South London and Maudsley submission summary

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    Supporting documents:


    The representatives from South London and Maudsley, Samantha Chong, Clinical Service Lead for community perinatal services and Chris McCree, Parental Mental Health Lead, presented their report.


    Members of the panel had questions for the representatives from South London and Maudsley.


    There was a question from the panel regarding what would help in improving the circumstances of South London and Maudsley patients, particularly in terms of working with Southwark Council.


    The representatives advised that there were obvious questions around housing and health inequalities.  Working with the council on Start to Life had been helpful.


    They advised that if their workforce was increased, it would increase their ability to work in partnership. There was a need to ensure that projects were embedded. They added that it would be beneficial to work with the local authority to develop resources and information for families that is child friendly to explain emotional wellbeing.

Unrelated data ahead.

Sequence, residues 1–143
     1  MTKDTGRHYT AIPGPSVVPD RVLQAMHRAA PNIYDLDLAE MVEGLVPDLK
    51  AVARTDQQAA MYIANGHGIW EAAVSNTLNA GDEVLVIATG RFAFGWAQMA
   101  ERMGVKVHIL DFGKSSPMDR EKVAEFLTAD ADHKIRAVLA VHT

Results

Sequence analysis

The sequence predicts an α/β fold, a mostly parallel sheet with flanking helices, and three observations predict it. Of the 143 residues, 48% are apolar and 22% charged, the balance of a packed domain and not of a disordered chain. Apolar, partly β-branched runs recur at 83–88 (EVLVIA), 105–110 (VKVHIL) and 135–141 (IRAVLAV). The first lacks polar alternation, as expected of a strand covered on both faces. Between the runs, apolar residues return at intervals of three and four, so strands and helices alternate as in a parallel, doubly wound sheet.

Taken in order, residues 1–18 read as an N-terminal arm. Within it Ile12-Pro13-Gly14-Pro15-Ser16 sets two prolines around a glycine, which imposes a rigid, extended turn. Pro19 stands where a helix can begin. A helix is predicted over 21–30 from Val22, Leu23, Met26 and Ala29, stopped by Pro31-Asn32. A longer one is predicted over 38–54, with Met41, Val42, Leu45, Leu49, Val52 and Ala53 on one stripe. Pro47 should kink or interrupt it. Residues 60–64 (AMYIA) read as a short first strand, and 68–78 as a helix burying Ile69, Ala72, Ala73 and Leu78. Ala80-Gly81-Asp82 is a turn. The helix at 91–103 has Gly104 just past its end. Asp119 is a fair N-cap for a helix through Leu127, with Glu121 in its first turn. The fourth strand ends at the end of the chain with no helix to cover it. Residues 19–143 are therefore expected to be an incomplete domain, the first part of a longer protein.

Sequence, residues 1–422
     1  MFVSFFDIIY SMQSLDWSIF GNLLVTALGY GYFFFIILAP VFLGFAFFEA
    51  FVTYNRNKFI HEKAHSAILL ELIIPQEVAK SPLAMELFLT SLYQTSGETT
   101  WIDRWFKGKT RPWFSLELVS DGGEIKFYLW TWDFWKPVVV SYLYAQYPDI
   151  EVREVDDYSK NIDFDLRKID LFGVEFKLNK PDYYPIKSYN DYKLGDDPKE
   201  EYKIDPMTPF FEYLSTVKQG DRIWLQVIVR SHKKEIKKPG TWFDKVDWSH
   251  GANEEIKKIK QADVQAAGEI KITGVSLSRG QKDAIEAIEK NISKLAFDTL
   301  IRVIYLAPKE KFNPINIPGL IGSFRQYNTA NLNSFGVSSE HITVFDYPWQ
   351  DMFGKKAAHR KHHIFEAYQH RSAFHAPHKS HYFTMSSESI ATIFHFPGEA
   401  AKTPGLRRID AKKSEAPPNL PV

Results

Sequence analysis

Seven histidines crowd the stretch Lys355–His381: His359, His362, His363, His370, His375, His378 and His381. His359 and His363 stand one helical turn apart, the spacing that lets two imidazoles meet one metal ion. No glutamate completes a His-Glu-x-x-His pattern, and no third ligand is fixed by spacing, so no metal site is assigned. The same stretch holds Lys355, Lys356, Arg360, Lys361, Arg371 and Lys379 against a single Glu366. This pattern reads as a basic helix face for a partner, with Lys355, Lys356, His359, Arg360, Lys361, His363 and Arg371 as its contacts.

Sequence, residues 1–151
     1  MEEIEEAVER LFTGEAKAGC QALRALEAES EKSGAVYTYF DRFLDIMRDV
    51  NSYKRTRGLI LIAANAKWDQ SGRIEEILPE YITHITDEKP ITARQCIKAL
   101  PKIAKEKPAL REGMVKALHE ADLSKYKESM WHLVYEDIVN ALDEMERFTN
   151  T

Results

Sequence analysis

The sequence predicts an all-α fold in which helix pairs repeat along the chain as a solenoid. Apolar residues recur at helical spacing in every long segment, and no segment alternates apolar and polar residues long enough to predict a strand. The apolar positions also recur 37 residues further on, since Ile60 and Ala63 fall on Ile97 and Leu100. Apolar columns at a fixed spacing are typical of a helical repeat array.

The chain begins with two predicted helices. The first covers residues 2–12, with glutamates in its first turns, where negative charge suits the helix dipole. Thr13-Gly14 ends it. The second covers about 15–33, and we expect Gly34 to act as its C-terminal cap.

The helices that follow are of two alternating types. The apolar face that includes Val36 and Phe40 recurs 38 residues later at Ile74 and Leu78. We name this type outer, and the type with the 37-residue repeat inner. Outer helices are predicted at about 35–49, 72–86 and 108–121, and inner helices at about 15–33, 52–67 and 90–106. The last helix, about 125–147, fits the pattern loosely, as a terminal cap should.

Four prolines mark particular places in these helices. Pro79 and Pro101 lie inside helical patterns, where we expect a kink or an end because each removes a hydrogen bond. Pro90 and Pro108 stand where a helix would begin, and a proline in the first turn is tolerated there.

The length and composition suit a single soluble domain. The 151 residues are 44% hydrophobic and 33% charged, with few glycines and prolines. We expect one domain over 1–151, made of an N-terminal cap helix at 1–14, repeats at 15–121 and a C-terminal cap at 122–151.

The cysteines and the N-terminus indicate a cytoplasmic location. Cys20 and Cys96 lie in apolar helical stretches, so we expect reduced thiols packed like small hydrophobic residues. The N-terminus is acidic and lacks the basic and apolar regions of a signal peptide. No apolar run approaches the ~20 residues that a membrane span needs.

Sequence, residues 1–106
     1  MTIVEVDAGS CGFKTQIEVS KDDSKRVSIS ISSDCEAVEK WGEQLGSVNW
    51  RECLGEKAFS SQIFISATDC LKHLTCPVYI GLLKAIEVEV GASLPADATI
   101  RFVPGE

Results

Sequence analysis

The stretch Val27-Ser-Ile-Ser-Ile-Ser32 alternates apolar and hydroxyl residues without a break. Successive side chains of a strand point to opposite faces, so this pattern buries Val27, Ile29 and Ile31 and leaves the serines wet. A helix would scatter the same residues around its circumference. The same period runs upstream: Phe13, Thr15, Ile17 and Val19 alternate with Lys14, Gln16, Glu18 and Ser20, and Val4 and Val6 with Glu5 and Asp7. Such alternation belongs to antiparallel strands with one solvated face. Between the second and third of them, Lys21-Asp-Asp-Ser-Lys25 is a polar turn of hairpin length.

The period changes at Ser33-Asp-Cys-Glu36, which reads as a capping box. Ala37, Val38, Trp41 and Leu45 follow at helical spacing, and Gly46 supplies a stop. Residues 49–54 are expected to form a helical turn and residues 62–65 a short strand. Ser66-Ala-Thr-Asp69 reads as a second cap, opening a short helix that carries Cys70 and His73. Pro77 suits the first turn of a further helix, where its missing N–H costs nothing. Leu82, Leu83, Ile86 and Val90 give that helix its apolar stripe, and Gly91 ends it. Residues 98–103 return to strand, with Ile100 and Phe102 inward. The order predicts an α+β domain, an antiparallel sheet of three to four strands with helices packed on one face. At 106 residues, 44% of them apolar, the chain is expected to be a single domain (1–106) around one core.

The co-chair asked the representatives to go back and talk to their teams and talk about what the council and their organisation could do together.  Following on from that the co-chair asked the representatives to send in further submissions with ideas.


    There was a question about problems with staffing and facilities and the progress being made with these issues.


    The representatives said things had not changed yet.  They informed the panel that they were currently ‘homeless’ but identified another building but will have to use the outpatients department to see patients, but that would not be appropriate for the service. They further advised that staff retention was an issue.